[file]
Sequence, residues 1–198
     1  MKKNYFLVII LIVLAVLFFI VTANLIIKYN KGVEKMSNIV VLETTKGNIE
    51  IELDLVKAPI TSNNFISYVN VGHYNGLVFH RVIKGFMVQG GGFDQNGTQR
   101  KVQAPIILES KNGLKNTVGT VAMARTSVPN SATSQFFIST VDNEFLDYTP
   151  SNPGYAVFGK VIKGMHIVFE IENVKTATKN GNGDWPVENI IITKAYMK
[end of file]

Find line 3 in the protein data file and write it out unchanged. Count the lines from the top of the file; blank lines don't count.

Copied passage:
    51  IELDLVKAPI TSNNFISYVN VGHYNGLVFH RVIKGFMVQG GGFDQNGTQR